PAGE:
Nearly half of the people who have been receiving dialysis at the Modern Medical and Diagnostic Centre in Georgetown since 2018 have died.
“Three or four” of them have recovered and no longer need to receive dialysis, Minister of Health, Jimmy Prince told Parliament last week.
He was responding to a question from West Kingstown, Daniel Cummings, who noted the recent announcement by the government that people can access dialysis treatment for free at the health facility in Georgetown.
Cummings asked the minister to say the total number of patients who have received this treatment at the government facility to date; how often they receive the treatment; and how many of these patients have since died.
Prince said 176 patients — 88 females and 88 males — had been dialysed since the facility became operational in 2018.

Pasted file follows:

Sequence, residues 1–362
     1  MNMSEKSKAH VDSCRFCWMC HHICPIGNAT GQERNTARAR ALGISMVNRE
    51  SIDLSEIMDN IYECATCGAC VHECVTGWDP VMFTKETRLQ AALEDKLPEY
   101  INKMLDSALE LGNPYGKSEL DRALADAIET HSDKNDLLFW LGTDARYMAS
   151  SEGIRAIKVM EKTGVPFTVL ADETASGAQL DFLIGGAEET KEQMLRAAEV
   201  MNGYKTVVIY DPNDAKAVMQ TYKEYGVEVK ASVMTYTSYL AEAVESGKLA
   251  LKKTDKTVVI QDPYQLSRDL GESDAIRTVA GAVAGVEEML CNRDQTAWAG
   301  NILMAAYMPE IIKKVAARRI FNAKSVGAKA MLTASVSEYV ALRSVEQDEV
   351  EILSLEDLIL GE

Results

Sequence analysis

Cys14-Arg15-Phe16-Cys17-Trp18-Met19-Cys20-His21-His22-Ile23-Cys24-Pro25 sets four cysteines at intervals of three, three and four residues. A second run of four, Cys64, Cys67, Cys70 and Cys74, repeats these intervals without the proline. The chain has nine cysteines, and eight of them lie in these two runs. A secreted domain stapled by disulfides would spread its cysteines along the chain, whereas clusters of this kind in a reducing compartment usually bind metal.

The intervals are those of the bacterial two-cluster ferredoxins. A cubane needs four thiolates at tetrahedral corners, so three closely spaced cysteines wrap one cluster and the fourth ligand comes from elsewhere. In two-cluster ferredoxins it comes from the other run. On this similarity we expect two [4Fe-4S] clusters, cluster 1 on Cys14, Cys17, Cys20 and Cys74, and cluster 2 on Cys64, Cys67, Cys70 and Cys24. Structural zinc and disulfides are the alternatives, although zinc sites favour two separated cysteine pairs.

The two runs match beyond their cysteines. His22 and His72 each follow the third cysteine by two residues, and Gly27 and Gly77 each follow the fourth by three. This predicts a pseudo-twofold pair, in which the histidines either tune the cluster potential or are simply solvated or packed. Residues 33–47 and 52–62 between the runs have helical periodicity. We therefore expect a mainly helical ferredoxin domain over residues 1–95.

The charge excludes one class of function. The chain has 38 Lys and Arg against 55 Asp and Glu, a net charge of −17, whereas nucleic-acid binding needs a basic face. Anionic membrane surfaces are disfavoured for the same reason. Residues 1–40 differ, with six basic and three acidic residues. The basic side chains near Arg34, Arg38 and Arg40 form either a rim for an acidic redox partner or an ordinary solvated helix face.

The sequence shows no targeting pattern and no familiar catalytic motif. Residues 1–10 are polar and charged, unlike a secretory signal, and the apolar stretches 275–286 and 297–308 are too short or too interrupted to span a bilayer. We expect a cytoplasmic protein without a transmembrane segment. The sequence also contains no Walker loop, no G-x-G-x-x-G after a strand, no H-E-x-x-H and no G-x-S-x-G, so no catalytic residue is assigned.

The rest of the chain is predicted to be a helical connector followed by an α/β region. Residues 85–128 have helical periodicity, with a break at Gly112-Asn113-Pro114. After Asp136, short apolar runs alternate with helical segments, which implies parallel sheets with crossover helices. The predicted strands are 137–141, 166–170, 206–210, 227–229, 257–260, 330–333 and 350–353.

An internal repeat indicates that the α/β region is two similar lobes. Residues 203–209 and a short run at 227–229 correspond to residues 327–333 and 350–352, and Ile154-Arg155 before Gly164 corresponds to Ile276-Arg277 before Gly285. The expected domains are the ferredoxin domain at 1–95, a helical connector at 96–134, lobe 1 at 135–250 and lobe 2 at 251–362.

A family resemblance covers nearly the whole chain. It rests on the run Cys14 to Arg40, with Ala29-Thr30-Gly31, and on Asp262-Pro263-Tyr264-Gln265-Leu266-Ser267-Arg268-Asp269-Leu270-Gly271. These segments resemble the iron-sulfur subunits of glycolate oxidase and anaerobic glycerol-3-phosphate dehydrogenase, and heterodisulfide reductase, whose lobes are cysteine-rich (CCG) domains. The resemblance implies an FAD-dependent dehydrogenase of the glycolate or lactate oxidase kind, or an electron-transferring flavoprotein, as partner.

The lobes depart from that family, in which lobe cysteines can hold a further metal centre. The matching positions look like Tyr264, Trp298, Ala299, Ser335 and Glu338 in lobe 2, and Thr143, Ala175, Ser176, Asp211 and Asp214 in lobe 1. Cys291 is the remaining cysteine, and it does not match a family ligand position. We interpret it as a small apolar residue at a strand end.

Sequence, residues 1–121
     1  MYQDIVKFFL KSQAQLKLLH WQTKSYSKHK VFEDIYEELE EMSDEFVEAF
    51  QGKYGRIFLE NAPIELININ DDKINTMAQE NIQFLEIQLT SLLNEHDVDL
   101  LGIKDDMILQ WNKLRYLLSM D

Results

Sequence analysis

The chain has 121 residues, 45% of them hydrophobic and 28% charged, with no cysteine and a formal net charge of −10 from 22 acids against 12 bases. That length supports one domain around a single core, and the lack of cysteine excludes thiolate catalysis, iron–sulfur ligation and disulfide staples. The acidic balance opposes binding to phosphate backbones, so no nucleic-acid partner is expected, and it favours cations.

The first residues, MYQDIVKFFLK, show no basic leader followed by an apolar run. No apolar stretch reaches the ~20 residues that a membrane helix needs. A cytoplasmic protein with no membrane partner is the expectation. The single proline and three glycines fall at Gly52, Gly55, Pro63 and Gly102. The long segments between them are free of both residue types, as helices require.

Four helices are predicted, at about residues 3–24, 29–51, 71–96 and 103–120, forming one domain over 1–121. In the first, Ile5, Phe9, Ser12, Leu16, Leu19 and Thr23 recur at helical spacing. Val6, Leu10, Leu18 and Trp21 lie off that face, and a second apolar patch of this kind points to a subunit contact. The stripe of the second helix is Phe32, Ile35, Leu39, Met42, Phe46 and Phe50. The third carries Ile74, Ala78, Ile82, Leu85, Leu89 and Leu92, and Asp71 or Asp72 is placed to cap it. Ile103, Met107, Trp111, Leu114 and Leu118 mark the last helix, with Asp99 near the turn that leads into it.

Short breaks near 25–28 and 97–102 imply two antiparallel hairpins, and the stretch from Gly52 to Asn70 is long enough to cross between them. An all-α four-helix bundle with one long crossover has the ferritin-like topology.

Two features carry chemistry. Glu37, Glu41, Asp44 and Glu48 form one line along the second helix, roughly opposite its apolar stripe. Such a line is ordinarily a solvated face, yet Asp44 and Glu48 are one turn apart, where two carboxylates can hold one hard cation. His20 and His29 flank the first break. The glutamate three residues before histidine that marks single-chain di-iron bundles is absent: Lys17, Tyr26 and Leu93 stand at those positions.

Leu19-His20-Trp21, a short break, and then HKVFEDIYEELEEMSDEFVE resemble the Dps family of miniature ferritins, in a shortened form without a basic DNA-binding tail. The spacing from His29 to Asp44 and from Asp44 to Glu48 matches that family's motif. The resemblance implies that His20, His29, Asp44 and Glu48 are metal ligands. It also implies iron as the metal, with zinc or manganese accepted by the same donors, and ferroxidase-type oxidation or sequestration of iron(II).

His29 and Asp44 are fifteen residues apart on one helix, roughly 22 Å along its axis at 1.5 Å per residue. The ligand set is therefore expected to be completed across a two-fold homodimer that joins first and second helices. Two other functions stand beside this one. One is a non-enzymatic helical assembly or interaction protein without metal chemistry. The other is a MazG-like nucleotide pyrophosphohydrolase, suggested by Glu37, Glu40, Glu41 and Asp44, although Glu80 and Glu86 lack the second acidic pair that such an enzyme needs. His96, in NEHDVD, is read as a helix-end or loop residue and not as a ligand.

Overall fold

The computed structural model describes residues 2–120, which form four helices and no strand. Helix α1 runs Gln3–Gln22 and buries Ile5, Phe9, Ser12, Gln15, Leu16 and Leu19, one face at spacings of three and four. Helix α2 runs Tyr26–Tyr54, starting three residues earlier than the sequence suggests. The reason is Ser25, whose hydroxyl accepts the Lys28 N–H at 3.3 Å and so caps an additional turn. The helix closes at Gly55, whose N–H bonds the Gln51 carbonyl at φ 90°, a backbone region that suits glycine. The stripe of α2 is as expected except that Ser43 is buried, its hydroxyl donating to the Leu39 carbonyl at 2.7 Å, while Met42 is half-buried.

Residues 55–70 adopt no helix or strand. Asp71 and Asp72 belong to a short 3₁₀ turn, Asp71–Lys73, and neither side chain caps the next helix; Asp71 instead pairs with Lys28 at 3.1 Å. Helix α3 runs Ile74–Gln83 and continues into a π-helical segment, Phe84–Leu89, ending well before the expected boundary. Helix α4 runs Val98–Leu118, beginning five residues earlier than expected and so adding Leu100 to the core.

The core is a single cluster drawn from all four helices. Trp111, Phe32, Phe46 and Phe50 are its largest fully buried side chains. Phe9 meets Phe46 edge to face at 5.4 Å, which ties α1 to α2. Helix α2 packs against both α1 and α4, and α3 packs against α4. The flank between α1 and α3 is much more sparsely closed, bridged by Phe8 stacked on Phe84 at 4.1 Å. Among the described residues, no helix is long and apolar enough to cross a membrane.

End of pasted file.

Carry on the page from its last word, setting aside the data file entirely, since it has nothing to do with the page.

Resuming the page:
He said patients receive dialysis two or three times per week but a patient may require more frequent sessions, depending on their health condition.
“Notably, at the initial phase of treatment, a patient will have dialysis done daily for the first two days. This is done for a shorter period of two hours,” Prince said.
He said 80 patients have since died, adding that some patients have migrated, others have switched to the private company and “three or four” patients have recovered and no longer need the treatment.
Prince said that most patients who have died had other comorbidities such as lupus, cancer, and non-communicable diseases.